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Forty Years on the ’Fax
Colfax Avenue, 1926–1966
Take a nostalgic ride down Colfax, with stops at the quirky and memorable places that gave the street its worldwide reputation.
The mid-twentieth century was tourism’s heyday on Colfax Avenue. The main east-west thoroughfare through Colorado, “the ’Fax” beckoned visitors to the Rocky Mountain West. From its birth as US Highway 40 in 1926 until I-70 diverted traffic away from it in the ’60s, “America’s Main Street” boomed with tourist attractions. Hotels and motels, swanky restaurants and drive-ins, and all forms of shopping and entertainment—from amusement parks to nightlife—sprang up along a 26-mile stretch of pavement from Lakewood to Aurora.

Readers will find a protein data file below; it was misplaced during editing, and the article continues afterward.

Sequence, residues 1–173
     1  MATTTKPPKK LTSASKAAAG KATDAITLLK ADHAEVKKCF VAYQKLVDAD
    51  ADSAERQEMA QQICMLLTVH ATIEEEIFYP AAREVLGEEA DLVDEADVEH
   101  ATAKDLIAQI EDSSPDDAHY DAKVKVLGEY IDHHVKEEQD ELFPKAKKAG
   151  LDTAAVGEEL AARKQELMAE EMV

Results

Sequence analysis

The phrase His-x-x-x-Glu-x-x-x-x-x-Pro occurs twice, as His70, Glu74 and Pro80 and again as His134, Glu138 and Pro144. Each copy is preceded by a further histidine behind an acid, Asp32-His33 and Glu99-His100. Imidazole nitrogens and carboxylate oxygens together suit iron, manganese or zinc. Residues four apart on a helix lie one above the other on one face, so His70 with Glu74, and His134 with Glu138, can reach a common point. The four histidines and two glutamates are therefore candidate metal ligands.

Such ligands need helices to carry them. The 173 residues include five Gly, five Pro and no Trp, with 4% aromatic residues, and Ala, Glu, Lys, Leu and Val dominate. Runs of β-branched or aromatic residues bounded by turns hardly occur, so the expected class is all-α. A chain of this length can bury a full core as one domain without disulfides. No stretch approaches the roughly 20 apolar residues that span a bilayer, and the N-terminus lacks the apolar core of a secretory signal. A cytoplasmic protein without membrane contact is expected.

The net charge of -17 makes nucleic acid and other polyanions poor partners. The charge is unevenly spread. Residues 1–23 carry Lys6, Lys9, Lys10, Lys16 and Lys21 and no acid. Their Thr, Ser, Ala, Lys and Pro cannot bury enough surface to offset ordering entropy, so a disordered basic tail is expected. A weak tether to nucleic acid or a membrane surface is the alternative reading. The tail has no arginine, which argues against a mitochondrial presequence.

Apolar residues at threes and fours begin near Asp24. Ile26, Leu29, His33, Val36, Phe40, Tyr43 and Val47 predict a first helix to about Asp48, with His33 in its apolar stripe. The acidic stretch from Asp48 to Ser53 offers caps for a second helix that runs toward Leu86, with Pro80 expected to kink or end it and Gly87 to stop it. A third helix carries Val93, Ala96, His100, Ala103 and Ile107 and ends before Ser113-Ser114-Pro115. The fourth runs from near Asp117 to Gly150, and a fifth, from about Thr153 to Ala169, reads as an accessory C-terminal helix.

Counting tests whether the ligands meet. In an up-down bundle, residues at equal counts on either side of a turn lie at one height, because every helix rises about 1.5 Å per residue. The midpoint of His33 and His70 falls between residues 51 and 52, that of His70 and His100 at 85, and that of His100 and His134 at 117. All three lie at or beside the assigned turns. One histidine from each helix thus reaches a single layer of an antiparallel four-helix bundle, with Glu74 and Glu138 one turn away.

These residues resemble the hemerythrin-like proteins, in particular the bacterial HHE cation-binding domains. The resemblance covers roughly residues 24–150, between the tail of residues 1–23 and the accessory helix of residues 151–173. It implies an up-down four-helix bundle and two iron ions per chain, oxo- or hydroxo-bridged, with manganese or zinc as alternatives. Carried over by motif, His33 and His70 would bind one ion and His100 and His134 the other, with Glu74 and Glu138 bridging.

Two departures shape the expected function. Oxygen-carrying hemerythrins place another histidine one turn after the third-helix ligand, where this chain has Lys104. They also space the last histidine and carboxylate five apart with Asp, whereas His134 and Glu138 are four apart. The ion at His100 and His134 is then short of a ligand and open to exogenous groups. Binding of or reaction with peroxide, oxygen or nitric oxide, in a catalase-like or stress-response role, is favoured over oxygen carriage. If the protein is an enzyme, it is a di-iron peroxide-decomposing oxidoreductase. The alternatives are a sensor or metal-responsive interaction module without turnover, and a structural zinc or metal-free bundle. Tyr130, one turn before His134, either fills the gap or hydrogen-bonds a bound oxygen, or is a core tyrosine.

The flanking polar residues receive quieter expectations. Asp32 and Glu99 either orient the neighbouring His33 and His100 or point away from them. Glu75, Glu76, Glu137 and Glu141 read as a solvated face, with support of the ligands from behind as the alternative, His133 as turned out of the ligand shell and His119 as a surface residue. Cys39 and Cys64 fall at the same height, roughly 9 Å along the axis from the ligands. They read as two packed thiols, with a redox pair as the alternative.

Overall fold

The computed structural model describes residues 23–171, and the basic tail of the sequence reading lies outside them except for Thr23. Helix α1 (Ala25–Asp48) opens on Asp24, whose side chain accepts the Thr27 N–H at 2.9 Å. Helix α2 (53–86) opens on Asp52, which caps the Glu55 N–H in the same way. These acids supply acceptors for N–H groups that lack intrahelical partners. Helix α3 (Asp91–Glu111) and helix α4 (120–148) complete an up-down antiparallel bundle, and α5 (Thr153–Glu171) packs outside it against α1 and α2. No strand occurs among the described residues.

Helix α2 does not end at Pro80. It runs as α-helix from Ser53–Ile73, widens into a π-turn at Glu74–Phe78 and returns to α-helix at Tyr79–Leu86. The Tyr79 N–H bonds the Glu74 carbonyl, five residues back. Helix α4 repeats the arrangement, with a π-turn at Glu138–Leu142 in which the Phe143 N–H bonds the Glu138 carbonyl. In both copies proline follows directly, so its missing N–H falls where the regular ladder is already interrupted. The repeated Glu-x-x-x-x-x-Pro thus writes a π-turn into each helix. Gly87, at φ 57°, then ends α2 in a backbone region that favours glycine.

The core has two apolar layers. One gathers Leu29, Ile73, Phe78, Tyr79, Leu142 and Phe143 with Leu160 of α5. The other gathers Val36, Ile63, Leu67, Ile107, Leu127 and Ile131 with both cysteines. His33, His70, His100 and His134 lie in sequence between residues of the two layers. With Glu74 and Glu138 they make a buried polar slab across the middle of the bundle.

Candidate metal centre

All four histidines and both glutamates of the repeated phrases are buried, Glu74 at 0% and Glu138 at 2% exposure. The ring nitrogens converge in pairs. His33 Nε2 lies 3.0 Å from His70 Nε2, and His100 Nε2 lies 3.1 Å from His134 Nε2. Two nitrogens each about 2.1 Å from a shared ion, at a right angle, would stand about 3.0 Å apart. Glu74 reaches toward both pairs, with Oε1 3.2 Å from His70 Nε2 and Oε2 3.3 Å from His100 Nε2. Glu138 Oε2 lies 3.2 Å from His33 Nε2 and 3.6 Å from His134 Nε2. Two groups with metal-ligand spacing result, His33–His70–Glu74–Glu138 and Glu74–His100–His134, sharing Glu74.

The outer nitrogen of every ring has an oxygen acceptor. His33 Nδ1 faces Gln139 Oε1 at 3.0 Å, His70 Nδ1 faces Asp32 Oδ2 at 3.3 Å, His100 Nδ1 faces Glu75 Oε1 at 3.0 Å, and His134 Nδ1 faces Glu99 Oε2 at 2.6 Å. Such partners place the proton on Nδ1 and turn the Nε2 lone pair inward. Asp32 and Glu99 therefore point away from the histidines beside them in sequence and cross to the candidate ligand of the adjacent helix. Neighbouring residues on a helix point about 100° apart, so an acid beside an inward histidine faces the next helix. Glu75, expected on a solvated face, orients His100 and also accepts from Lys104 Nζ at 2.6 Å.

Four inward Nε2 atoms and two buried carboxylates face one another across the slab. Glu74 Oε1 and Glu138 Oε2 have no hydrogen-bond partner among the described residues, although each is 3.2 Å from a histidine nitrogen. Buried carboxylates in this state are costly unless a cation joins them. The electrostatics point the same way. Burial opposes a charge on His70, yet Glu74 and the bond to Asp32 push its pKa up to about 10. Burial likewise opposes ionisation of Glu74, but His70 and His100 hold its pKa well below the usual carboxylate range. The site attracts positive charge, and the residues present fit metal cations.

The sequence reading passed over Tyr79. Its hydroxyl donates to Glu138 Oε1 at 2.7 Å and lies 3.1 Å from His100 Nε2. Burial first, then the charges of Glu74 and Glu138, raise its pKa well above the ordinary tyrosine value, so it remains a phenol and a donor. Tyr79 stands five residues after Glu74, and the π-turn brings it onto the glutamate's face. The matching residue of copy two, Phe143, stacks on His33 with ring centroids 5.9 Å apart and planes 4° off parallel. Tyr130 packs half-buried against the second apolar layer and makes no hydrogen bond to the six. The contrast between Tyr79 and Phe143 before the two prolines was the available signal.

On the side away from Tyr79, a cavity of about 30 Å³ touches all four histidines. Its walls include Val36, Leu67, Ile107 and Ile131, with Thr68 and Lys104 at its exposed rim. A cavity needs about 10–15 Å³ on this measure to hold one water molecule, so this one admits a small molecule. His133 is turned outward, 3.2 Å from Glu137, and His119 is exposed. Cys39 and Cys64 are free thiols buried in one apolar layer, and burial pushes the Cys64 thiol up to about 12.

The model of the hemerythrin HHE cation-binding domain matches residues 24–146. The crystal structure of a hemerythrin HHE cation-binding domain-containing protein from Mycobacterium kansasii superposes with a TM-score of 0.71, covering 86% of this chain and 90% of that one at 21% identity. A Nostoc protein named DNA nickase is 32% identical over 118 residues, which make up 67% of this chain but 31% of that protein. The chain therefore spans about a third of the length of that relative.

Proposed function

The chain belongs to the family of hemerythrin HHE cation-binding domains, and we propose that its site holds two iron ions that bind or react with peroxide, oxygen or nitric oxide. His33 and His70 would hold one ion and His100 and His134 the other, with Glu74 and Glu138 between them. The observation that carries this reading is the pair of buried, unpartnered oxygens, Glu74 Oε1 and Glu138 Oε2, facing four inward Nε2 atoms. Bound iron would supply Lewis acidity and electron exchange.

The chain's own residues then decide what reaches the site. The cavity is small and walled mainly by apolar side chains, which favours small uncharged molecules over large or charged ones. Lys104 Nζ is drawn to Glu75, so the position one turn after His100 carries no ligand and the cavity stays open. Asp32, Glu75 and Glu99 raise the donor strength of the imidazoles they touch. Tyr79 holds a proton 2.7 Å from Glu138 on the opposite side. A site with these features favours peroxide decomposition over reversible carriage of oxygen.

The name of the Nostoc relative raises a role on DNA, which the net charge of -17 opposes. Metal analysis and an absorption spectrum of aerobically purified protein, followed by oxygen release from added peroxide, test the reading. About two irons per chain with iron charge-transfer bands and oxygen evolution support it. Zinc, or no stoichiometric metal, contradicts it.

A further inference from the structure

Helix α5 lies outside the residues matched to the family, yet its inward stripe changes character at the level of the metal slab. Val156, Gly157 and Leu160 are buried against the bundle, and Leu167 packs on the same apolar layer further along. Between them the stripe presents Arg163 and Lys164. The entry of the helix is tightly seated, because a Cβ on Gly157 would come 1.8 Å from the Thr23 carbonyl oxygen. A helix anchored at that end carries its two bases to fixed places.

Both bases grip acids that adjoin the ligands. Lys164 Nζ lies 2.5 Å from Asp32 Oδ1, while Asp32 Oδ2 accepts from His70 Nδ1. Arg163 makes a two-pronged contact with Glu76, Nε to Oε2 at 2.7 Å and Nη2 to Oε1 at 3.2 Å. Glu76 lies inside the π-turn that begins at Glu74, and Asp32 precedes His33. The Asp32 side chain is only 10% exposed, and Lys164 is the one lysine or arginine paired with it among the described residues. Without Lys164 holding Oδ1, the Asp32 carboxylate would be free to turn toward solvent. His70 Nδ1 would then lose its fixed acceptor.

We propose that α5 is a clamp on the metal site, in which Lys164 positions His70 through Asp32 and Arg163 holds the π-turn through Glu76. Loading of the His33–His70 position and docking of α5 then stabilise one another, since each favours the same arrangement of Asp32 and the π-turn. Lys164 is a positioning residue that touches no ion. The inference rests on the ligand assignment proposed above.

See relics from the glory days of “America’s longest, wickedest street,” like neon signs from Across the Street Cafe and Sid King’s Crazy Horse Bar, matchbooks from hundreds of famous businesses, and menus, glasses, and dishware from restaurants Denverites dined in for decades. Guest curated by Jonny “the Velvet Elvis” Barber, Forty Years on the ’Fax features objects from the Colfax Museum collection. Having gathered prime pieces of Colfax history for over a decade, Barber opened his museum in 2017, only to shutter its doors a year later after a flood. History Colorado is thrilled to offer visitors a chance to see these treasures while The Colfax Museum finds its new home.